Some kids are told that they can’t do certain things. Over and over again. Because their parents or siblings or friends or teachers roll their eyes at these childhood dreams and say very adult things like “Well, young lady. That sounds great, but how are you going to make money doing that?”, or “Well, young man. I’m sure you’d make a fine [insert dream-big idea here] but you don’t have the skills, knowledge, money, talent, geography, etc. Maybe you should think of something more realistic like being an assistant restaurant manager, or a third-shift foreman at the local factory.”

Even if you were supported as children, you can still hear and feel all of the naysayers every time you’re vulnerable enough to share an idea that makes you feel alive on the inside.

And then those closest to us tell us we’re silly and impractical, or otherwise leave the impression that we’re not good enough.

Husbands and wives have divorced, and children have gone years without speaking to their parents, for less.

The most fortunate of us can make a sustainable living doing things we love. (I am paid decently, mostly to write things. It’s a miracle, and I STILL complain because I don’t like bosses and rules, and occasionally demonstrate a gratitude problem.)

But often we invest time in activities that don’t pay us back with money. Social clubs. Hobbies. Parties. Travel. Volunteerism. Sports. Art. Whatever.

We do these things because we feel pleasure when we do them.

Sometimes it’s one thing. Sometimes it’s many things. Maybe some people can’t think of ANYTHING (outside of sex, drugs and alcohol) that they do simply for the enjoyment and fulfillment of doing it.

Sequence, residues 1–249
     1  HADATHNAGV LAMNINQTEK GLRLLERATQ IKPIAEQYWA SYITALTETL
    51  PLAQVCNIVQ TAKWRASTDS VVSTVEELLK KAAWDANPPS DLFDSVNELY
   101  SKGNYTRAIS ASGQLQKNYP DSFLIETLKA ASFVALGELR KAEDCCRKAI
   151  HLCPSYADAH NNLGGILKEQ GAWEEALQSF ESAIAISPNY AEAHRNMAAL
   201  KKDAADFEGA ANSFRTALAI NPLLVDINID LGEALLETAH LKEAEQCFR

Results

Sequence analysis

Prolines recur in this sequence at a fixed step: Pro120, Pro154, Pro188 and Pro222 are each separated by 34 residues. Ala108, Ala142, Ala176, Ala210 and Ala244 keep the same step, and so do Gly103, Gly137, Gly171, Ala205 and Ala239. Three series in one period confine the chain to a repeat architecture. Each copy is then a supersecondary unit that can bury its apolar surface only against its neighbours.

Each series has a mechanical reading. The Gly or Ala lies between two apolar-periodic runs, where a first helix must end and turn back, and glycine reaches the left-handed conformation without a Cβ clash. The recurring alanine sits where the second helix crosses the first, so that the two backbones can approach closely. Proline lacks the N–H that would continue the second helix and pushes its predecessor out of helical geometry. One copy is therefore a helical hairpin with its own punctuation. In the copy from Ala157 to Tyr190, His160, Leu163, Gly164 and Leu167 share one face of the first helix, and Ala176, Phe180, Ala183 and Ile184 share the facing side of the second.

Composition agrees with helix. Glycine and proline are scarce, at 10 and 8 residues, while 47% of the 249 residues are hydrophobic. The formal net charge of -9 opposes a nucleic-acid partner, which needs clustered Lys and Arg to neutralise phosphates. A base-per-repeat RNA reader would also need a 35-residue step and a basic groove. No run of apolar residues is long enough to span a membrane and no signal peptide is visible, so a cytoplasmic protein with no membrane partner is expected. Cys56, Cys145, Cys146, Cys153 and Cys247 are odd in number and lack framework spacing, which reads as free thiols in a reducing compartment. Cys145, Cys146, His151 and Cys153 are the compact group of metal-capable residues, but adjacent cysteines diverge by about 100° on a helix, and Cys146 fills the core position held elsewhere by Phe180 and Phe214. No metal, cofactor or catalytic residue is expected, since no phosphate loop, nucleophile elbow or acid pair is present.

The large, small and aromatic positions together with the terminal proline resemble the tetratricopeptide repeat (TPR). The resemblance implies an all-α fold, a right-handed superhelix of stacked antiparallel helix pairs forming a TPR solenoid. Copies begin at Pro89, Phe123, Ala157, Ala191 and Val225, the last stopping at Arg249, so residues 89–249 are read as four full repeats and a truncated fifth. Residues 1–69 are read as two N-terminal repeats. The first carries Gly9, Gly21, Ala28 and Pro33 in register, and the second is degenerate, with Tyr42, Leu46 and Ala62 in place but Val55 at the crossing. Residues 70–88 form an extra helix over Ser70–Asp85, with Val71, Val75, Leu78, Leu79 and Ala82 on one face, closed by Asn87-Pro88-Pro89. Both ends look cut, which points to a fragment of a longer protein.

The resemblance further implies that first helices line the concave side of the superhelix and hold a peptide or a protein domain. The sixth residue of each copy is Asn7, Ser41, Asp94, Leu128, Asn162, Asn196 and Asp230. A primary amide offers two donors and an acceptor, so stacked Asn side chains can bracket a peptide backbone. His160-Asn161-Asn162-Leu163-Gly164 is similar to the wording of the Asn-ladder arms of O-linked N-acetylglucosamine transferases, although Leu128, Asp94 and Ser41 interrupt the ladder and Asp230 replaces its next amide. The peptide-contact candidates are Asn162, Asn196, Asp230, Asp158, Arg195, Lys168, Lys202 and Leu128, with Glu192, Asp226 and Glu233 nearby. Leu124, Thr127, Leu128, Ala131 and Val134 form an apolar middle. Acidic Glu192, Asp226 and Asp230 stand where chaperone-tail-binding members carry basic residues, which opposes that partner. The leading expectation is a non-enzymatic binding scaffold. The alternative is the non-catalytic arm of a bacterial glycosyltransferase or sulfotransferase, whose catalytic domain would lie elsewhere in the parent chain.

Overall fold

But you must.

And you must encourage your partners and children to do the same.

We place so much value on the acquisition of money and material goods, to the point where adults believe they’re happy when they’ve gotten enough money to buy the thing they’ve spent years believing “When I FINALLY have that magical thing, I’m going to feel successful and happy. THEN, I’ll know I’ve made it,” only to inevitably discover that the feeling is fleeting and then The Disease of More rears its ugly head once again.

I think goals are amazing.

I think wanting things and experiences and money is more than okay. I want them too.

But along the way, we forget to pursue happiness and joy ON the journey.

We forget to have fun. The kind of fun that’s OURS. Maybe other people like it. Maybe they don’t. But we must do things that light that fire of happiness within us.

It’s a feeling.

And the real magic of knowing that feeling is that once we identify it (which is easy as an unfulfilled adult because it feels so radically different from the rest of existence), we can begin to recognize it in other parts of our lives.

With our spouses or romantic partners.

With our children.

With our co-workers.

We begin to recognize the set of conditions that produces that feeling of fun and energy and enthusiasm. The one that makes us feel like the best version of ourselves.

It’s pretty cliché and platitudey for me to offer some bullshit like: “Be the change you wish to see in the world,” or “Before you can love someone else, you must first love yourself.”

So I’ll leave that to the Instagram quote writers.

But in a life where our relationships with our romantic partners are THE #1 FACTOR in the quality of our life and health, and half of all marriages fail, I don’t think we can afford to ignore the importance of injecting fun into our lives.

It’s NOT selfish to pursue fun if that fun gives you the energy you need to be the best romantic partner and parent possible.